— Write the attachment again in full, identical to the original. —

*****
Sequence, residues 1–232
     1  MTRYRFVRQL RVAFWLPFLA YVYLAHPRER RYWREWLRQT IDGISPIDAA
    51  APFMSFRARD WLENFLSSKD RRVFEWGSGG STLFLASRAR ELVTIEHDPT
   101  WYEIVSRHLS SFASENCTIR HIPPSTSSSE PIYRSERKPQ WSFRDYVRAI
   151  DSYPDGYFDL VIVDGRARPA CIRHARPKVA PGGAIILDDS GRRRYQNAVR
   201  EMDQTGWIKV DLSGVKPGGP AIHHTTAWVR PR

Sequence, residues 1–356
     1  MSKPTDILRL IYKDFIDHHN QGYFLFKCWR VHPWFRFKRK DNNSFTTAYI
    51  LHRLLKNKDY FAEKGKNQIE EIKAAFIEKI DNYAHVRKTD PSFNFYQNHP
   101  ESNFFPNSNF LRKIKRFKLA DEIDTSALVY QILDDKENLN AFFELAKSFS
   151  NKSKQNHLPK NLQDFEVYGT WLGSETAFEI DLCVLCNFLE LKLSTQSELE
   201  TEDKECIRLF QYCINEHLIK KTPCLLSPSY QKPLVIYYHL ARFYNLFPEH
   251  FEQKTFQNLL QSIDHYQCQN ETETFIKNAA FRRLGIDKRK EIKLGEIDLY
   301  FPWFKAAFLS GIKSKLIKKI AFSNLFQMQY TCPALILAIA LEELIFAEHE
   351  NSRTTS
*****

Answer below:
Sequence, residues 1–232
     1  MTRYRFVRQL RVAFWLPFLA YVYLAHPRER RYWREWLRQT IDGISPIDAA
    51  APFMSFRARD WLENFLSSKD RRVFEWGSGG STLFLASRAR ELVTIEHDPT
   101  WYEIVSRHLS SFASENCTIR HIPPSTSSSE PIYRSERKPQ WSFRDYVRAI
   151  DSYPDGYFDL VIVDGRARPA CIRHARPKVA PGGAIILDDS GRRRYQNAVR
   201  EMDQTGWIKV DLSGVKPGGP AIHHTTAWVR PR

Sequence, residues 1–356
     1  MSKPTDILRL IYKDFIDHHN QGYFLFKCWR VHPWFRFKRK DNNSFTTAYI
    51  LHRLLKNKDY FAEKGKNQIE EIKAAFIEKI DNYAHVRKTD PSFNFYQNHP
   101  ESNFFPNSNF LRKIKRFKLA DEIDTSALVY QILDDKENLN AFFELAKSFS
   151  NKSKQNHLPK NLQDFEVYGT WLGSETAFEI DLCVLCNFLE LKLSTQSELE
   201  TEDKECIRLF QYCINEHLIK KTPCLLSPSY QKPLVIYYHL ARFYNLFPEH
   251  FEQKTFQNLL QSIDHYQCQN ETETFIKNAA FRRLGIDKRK EIKLGEIDLY
   301  FPWFKAAFLS GIKSKLIKKI AFSNLFQMQY TCPALILAIA LEELIFAEHE
   351  NSRTTS